The Halberd was the weapon of choice for unmounted infantry to fight cavalry. The spearhead at the tip would be used to balk horses and knock knights off their mounts, with the forward axe-blade or pick to pierce armor and deliver the killing blow.
Halberds were widely used by formations of foot soldiers due to its length and effectiveness at separating mounted knights from their horses. It was also easier to mass-produce and required less training to wield skillfully. Halberds were commonplace by the end of the medieval age, and were seen in the hands of police forces and soldiers long into the Renaissance.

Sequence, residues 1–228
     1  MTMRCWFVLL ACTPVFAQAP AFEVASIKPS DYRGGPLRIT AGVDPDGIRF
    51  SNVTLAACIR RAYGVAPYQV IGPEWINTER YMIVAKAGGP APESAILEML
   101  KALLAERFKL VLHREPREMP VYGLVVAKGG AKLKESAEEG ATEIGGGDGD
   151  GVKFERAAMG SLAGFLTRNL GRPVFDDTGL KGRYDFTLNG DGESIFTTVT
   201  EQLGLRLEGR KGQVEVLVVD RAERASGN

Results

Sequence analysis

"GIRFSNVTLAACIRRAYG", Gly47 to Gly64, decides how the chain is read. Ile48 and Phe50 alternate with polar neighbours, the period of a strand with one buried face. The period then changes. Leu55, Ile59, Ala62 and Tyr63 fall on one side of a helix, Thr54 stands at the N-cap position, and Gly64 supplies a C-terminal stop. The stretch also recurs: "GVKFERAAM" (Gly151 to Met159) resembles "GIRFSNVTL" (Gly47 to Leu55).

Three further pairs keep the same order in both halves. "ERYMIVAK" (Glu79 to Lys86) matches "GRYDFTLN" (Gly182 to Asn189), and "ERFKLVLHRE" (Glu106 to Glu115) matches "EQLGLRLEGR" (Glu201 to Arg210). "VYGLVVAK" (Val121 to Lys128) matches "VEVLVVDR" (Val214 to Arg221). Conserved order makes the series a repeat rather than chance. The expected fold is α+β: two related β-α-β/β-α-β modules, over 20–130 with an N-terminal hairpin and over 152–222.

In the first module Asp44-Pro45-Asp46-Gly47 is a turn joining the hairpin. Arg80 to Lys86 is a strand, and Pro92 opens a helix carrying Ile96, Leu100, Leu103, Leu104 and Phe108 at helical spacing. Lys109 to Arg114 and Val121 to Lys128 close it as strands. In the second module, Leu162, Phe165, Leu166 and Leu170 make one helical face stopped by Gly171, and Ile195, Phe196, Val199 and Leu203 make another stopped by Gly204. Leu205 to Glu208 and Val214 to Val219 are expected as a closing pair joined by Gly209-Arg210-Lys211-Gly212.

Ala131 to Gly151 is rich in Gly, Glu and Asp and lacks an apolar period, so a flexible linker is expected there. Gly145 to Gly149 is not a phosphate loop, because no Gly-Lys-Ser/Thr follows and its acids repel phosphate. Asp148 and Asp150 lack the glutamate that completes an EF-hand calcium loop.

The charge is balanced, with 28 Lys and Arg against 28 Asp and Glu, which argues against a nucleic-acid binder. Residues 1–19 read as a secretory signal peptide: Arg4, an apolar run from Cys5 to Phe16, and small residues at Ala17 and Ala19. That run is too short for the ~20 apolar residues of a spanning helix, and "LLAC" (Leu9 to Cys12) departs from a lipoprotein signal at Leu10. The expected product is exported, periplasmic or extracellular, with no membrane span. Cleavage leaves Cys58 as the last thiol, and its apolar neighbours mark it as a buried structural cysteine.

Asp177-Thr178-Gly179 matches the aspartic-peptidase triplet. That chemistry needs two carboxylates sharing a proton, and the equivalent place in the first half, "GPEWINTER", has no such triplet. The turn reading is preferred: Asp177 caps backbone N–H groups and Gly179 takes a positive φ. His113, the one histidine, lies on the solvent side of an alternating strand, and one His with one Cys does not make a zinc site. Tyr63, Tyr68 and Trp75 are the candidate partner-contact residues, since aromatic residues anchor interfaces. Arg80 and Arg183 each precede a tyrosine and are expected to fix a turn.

A Japanese analogue to the Halberd would be the Naginata, a long polearm with a slashing blade at the end (though with no spearhead). It was often associated with female samurai and Buddhist monks.